Newspaper article The Florida Times Union

High Arsenic Levels Close Busy Firehouse; Firefighters Reassigned after Physicals Revealed Elevated Levels of the Poison in Their Blood

Newspaper article The Florida Times Union

High Arsenic Levels Close Busy Firehouse; Firefighters Reassigned after Physicals Revealed Elevated Levels of the Poison in Their Blood

Article excerpt

Byline: BRIDGET MURPHY

City officials shut down one of Jacksonville's busiest firehouses Monday after tests showed the firefighters who work there have elevated levels of arsenic in their blood.

The 27 firefighters who work at Station 21 on Morrow Street in Lakewood aren't showing symptoms of health problems associated with higher concentrations of heavy metals in their bodies, but the station was closed temporarily as a precaution, Fire and Rescue Department spokesman Tom Francis said.

The station's ladder truck, engine and rescue units were split up and sent to other nearby fire districts Monday, something department officials said won't negatively affect emergency response times.

The problem was found after the firefighters, who are among the city's hazardous materials experts, had routine annual physicals, authorities said.

Duval County health officials inspected the firehouse Monday to try to find the source of the problem but said the arsenic levels they found weren't high enough to cause any health problems. Inspectors took water samples from the firehouse as part of the investigation, said Aaron Hilliard, the health department's health and engineering director.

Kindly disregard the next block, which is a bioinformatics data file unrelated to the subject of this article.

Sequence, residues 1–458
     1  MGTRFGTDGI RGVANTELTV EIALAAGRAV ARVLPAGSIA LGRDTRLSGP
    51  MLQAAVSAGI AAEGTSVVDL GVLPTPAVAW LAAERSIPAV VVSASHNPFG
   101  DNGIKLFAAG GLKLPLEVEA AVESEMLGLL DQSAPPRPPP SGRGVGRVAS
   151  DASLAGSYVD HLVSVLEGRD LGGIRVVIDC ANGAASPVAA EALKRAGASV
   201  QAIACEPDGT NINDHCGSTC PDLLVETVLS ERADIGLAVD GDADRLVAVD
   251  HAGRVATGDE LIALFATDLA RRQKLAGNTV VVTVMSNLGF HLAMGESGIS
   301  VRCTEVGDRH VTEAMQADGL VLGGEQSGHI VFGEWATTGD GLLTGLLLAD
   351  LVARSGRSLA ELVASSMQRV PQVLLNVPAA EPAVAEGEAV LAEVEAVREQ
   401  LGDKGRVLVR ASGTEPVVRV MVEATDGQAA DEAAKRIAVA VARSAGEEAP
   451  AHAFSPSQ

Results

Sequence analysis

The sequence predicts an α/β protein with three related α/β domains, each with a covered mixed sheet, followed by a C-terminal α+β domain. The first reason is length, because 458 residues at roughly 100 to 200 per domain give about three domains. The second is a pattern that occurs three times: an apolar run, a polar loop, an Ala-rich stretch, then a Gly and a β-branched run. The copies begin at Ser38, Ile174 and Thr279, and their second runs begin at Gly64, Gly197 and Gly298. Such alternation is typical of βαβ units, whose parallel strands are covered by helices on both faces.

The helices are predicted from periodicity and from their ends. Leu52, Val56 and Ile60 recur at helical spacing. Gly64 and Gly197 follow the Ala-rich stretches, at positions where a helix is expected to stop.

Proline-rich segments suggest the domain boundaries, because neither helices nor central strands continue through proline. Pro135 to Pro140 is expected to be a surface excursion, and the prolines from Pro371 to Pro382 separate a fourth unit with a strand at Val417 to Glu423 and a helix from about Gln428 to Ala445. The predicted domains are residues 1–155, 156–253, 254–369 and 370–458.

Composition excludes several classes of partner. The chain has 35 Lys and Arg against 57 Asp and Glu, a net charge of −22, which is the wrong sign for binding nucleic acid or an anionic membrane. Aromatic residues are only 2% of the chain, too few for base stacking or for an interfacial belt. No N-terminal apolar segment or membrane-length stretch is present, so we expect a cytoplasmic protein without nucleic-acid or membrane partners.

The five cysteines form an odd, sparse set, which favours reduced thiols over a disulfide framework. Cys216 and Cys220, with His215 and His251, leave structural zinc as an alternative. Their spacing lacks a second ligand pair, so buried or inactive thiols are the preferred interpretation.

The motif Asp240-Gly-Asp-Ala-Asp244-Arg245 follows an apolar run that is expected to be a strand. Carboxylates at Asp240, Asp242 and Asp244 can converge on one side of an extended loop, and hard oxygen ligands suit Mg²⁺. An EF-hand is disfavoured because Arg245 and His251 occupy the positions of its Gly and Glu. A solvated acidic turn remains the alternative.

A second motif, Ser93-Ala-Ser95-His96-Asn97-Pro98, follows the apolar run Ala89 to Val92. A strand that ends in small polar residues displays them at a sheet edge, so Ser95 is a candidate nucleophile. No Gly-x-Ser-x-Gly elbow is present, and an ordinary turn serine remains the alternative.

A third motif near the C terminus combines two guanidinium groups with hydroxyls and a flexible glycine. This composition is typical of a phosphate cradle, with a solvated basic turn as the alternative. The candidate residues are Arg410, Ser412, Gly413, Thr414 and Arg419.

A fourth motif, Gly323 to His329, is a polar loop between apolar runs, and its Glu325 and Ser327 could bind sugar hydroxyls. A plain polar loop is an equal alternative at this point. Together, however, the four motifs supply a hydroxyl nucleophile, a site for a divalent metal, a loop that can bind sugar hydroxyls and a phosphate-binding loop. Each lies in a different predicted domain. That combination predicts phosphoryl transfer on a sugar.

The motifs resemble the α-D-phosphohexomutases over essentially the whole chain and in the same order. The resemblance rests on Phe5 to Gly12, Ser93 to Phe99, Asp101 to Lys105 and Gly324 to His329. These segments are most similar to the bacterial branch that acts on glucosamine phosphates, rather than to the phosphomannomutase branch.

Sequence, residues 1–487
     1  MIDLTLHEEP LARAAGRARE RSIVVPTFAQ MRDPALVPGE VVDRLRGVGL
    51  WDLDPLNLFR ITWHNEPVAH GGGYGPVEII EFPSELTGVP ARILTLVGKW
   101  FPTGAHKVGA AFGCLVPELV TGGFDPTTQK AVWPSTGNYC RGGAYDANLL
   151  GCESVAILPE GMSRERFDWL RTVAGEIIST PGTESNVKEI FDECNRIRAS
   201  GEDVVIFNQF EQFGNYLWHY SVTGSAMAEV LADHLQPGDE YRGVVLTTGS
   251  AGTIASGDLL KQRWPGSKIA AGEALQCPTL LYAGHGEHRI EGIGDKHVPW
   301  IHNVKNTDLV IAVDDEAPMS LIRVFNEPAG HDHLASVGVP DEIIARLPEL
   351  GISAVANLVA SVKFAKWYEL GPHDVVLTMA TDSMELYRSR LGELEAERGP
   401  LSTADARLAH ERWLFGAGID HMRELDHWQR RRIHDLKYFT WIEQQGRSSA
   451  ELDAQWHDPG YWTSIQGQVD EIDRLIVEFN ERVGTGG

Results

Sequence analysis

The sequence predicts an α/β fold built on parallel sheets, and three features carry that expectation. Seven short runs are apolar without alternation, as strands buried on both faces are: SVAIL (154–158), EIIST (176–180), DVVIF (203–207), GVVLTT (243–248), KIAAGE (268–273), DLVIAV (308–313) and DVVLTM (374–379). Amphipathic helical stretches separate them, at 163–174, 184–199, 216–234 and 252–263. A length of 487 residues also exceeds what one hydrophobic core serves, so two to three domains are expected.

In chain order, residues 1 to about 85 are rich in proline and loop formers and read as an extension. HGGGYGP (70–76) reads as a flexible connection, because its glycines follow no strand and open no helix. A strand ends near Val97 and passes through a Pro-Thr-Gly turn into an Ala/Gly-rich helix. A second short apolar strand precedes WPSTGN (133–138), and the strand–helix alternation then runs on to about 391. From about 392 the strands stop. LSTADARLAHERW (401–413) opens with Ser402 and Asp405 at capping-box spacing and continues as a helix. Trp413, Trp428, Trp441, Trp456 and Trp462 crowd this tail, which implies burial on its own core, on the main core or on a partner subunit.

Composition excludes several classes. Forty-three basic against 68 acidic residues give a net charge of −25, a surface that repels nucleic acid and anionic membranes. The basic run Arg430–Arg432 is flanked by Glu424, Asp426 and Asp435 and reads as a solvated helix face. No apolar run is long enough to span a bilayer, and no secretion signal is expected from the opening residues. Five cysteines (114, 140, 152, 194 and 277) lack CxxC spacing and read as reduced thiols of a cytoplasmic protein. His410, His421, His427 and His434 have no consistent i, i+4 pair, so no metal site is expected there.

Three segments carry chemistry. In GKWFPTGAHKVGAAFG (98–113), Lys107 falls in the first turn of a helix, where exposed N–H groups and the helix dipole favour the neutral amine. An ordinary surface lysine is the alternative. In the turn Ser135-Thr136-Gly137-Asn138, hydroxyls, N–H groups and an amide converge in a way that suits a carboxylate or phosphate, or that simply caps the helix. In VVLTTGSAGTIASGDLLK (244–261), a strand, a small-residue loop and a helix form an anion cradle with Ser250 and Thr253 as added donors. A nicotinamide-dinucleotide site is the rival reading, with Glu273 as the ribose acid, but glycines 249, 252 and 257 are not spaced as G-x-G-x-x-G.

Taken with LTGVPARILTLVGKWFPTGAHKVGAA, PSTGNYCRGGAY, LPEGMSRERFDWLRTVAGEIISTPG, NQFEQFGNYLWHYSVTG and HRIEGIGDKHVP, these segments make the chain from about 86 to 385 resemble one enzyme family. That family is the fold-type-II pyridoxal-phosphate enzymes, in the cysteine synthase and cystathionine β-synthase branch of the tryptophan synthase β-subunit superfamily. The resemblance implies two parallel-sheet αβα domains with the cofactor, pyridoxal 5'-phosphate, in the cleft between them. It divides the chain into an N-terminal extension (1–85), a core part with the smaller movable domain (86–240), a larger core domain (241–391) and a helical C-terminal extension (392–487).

The one-story brick firehouse was built in 1949. It is scheduled to be replaced with a station that will be built nearby, probably in the next year, said Francis. In the meantime, department officials are looking into putting a mobile home on property near Station 21 so the fire engine can continue to respond from its usual district, fire union President Roger Lewis said.

Lewis said he agreed with the city's decision to temporarily close Station 21 while inspectors probed the problem and that he also believed it wouldn't negatively affect emergency response times. Authorities suspect the problem isn't with the water supply but may be with the building itself, he said.

Tests done on water pumping through JEA treatment plants last month found trace arsenic levels, "well below what would be any kind of a problem," agency spokesman Ron Whittington said.

People can be exposed to arsenic through the air, by drinking contaminated water or eating tainted food. …

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